The rash one has no integrity;
but the just one, because of his faith, shall live.”
The one with “faith” prevails in the prophecy, and this is the key for us today in looking at the response of Jesus that we see following the apostles' request for increasing faith.

We read the parable of a servant who is not rewarded for doing his duty. This isn’t about the master being a bad man. Maybe it’s a reminder that if we want something from Christ, we must do our part as his disciples.

Maybe this is the way to “increase our faith”—by being faithful. Too often too many of us look at faith like it is magic. “If I ask Jesus to heal my sister’s cancer, she will be healed.” “If I pray about my friends at school who make fun of me for living my faith, they will stop.” "If I believe that my kids will come back to the Catholic Church, they will."

That's not faith. That is more like magic.

Yes, miracles happen, but that’s not usually how “faith” works. Instead of expecting a miracle, our faithfulness in prayer will calm our hearts and minds as we recognize we are not alone in our suffering. Our prayers will be heard, and our loved ones will be comforted, too, even if they are not “healed” physically, even if they don’t return to the Church immediately, even if our friends still poke fun at school.

A family I spent time with over one summer in seminary gathered for prayer in their living room every night of the week for prayer at a set time. Any member of the family could add prayers or devotions or Scriptures readings they found and liked to an ever-growing family prayer binder. Each night, one member of the family would choose a prayer or spiritual reading to do from this binder for the whole family. It didn’t take long; anywhere from a minute to ten minutes, but you better believe that increased the faith life of that family.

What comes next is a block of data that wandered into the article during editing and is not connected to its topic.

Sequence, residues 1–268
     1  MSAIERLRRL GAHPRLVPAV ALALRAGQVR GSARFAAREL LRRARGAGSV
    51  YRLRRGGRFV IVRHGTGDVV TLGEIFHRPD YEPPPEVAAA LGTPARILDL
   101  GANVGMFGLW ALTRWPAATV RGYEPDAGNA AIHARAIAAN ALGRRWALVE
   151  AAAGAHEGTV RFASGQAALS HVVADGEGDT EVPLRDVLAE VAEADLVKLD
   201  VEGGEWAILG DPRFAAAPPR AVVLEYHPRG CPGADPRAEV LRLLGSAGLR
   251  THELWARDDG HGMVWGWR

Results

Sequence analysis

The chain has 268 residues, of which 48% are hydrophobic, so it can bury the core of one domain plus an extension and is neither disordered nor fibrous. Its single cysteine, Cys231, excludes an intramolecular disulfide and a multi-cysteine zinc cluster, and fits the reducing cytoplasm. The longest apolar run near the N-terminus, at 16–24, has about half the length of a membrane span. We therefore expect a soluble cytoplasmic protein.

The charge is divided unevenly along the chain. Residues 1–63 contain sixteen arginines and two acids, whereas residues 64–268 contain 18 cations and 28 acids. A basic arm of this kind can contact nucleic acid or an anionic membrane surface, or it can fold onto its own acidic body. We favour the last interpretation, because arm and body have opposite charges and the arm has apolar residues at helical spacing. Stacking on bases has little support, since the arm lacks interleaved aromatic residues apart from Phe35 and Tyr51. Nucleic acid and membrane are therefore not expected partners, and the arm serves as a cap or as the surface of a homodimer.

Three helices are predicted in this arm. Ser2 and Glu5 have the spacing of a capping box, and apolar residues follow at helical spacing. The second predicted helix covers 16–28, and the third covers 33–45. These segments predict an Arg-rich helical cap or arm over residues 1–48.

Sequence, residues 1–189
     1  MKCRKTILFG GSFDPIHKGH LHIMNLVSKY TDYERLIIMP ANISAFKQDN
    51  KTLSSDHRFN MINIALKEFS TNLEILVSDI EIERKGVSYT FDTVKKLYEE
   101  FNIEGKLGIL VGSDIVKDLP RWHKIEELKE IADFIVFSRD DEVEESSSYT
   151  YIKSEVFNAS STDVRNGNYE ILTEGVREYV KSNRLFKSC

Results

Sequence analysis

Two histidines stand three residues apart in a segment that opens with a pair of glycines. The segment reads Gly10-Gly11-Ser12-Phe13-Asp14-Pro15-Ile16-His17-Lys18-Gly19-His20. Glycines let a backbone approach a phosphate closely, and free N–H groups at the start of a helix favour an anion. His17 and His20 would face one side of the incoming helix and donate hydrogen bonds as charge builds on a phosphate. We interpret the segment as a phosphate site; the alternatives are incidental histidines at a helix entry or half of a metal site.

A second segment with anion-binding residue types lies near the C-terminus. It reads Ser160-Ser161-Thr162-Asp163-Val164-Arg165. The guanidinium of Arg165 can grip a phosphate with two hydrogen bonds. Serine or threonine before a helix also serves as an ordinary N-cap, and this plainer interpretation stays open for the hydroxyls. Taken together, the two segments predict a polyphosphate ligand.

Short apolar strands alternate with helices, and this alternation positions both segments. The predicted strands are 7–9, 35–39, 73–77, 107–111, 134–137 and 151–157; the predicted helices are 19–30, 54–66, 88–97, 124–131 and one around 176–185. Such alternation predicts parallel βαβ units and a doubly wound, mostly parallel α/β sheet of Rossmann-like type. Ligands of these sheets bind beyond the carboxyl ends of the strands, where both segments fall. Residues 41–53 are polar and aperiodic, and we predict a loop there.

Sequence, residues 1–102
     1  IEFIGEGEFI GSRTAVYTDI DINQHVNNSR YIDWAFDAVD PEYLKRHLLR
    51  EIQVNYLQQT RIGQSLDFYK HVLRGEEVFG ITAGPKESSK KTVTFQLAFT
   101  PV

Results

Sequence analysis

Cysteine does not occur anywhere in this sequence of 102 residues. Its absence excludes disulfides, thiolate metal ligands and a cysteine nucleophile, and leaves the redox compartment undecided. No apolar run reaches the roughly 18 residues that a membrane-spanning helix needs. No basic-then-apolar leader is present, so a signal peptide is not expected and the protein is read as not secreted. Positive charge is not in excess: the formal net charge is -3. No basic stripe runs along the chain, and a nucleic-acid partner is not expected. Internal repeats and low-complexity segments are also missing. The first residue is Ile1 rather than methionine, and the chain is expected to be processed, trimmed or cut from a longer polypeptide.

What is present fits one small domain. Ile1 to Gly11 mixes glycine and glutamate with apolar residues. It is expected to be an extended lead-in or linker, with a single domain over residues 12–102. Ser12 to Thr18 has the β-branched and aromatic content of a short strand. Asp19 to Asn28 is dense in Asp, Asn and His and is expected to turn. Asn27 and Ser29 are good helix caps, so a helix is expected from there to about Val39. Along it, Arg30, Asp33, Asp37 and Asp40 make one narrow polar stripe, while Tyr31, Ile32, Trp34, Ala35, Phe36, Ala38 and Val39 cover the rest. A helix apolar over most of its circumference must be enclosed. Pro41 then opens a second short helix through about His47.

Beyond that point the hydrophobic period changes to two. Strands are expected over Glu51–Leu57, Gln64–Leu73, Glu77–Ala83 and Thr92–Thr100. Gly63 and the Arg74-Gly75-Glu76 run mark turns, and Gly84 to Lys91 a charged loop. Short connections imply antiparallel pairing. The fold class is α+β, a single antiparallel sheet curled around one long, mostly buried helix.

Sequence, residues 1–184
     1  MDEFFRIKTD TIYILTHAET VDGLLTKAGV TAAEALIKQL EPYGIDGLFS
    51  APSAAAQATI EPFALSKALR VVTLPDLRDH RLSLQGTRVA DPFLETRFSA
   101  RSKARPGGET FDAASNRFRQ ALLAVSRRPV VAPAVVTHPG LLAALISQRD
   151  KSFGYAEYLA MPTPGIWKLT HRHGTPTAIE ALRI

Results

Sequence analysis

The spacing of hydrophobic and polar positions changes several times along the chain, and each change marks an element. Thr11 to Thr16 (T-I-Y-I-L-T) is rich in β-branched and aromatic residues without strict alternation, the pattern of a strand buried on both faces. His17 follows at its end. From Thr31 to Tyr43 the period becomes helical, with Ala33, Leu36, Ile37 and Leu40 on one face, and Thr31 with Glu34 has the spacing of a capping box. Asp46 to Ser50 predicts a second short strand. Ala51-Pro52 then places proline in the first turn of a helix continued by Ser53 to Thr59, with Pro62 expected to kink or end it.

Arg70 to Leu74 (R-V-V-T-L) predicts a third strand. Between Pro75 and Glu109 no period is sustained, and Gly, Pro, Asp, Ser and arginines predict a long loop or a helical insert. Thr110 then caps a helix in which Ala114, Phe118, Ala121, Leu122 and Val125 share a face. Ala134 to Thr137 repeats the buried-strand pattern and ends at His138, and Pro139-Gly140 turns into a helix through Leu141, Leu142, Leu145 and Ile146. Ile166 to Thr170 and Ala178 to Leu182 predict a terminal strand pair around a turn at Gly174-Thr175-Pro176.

If you want an increase in the faith of your family, maybe dinner conversations are less about sports or politics or even school and more about the homily you heard or the songs you liked this past weekend at church. Maybe you come to Mass 10 minutes early and have everyone in the family read the Gospel in your pews to think about how the Lord wants to speak to you at this Mass, right now, before Mass even starts—and then you ask about what each person heard on your drive home.
If your children are more permanently away, maybe your simple, loyal faithfulness to the Sacraments and prayer and your gentle love will make them wonder where you find such peace. And maybe that will compel them to ask.

Or if you long for more faith at school, maybe setting the example at Mass and in the hallways and on social media would help plant the seed of faith. And maybe you won’t fear their opinion as much, either.

Jesus says that faith the size of a mustard seed can uproot and replant an entire tree. What if you simply planted the desire for such a faith in your heart today by increasing your loyalty to him in your life one way this week? One way. Pick one. You may not be able to change the faith of your grown children or your friends, but you can sure remain faithful yourself--and who knows what that kind and powerful witness might do?

The apostles said to the Lord, “Increase our faith,” and the servant was faithful to his Master. Let the prayer of the apostles be ours today, and let the example of the servant stir into flame our own discipleship.